• a call Opas received a few years after the hanging, claiming that a prison officer had found the ninth round from Ryan's gun, which the caller claimed was dropped in the tower. The anonymous caller said the prison officer was forced by superiors to change his statement to omit all reference to the bullets, after he was threatened with a charge of "conspiring with the prisoners to help the escape"
  • calculations that Ryan could not have shot Hodson at the downwards angle indicated by his entry and exit wounds, contrasted with
  • statements that another prisoner officer had taken aim at Ryan while standing on a low stone wall in front of the jail, but pulled the gun up as he fired, a move which could have seen Hodson shot from the correct angle.
Dr Opas concluded: "Ryan was the unfortunate victim of the Premier's determination to have a hanging."

"I will always be troubled by the feeling that Ryan should have been acquitted and that I must have been inadequate for the task of defending him," he wrote.

Letter published: Victorian Bar News, Issue No: 122, Spring Edition 2002, 1/09/2002

(Anon, thanks for the tip.)

Monday, 5 February 2007

Ronald Ryan forty years on

Key people involved in the trial and execution of Ronald Ryan last weekend commemorated the fortieth anniversary of his death - the last judicial hanging in Australia.

Ryan was hanged at 8am on 3 February 1967, in Melbourne's Pentridge Prison.

He was sentenced to death for the murder of prison officer George Hodson, who was shot during a prison escape by Ryan and Peter Walker in December 1965.

The escape sparked "the biggest police manhunt in the state's history," according to Mike Richards, Ryan's biographer.

Over 17 days on the run, they held up a bank at gunpoint and Walker killed an associate, fearing he would give them up to police.

Richards said there was "widespread and genuine fear [of the two men] in the Melbourne community", accompanied by "saturation media coverage" until they were recaptured.

Ryan, a long-term petty criminal before the prison escape, was given a mandatory death sentence following his conviction for murder.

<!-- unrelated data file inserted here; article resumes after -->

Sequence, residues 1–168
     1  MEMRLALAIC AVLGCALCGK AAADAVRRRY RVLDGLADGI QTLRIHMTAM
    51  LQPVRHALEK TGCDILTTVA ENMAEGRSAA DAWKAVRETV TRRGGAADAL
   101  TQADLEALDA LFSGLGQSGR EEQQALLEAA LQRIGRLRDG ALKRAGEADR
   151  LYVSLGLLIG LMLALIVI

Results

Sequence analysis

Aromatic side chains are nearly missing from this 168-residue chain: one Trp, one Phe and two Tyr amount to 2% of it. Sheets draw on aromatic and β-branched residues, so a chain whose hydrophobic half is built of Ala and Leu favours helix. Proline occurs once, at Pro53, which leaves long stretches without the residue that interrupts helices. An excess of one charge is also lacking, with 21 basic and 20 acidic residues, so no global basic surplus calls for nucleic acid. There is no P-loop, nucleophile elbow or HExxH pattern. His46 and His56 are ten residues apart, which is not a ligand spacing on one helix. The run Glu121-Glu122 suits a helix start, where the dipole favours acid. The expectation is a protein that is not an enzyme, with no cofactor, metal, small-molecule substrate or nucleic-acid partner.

Defence counsel Dr Philip Opas has always argued Ryan was innocent, pointing to inconsistent witness statements and confusion over whether his gun could be proven to have killed the prison officer.

But his biographer accepted his guilt, and last weekend Richards wrote that Ryan confessed to Pentridge prison governor Ian Grindlay the night before he was hanged.

He said Ryan had fired so Hodson would not recapture Walker, and quoted Ryan as saying: "I did shoot him. But I didn't mean to kill him . . . only to stop him."

Protest at 'political hanging'

Throughout the 1950s and 1960s, most death sentences in Victoria were routinely commuted to life imprisonment.

In the summer of 1966-67, lawyers, students and church leaders organised an extraordinary campaign for clemency, but Liberal premier Henry Bolte appeared determined to prove his credentials on crime by insisting on Ryan's execution.

Pleas for mercy from key community leaders were concealed from Bolte's cabinet colleagues, and the premier ignored requests from Dr Opas to address cabinet. Members of Ryan's jury, who had not believed the death sentence would ever be carried out, also petitioned the state governor.

On the morning of the execution, thousands joined protests outside Pentridge Prison.

"Ryan was hanged for political reasons and I don't believe those kind of reasons have changed anywhere in the world where people are executed," Dr Opus said last week. "Bolte said 'nothing transcends politics'."

Former Anglican bishop Tom Frame noted the day before the anniversary that: "At the Victorian state elections held 85 days after the execution, Bolte increased his party's primary vote and parliamentary majority."

Ryan's other legacy: Abolition
The controversy surrounding Ryan's hanging generated widespread revulsion at the use of the death penalty - and its politicisation - and created the momentum for eventual abolition across Australia.

According to biographer Mike Richards, who led student protests in the months before the execution, "it marks the event that prompted state governments still retaining the death penalty to cut the crimson thread running through Australia's history and abolish capital punishment".

"It ensured that no government anywhere in the country would politically risk imposing the death penalty again," Richards wrote.

Over the next 18 years, capital punishment was abolished under Commonwealth law and in seven states and territories. By 1985, the country was completely abolitionist.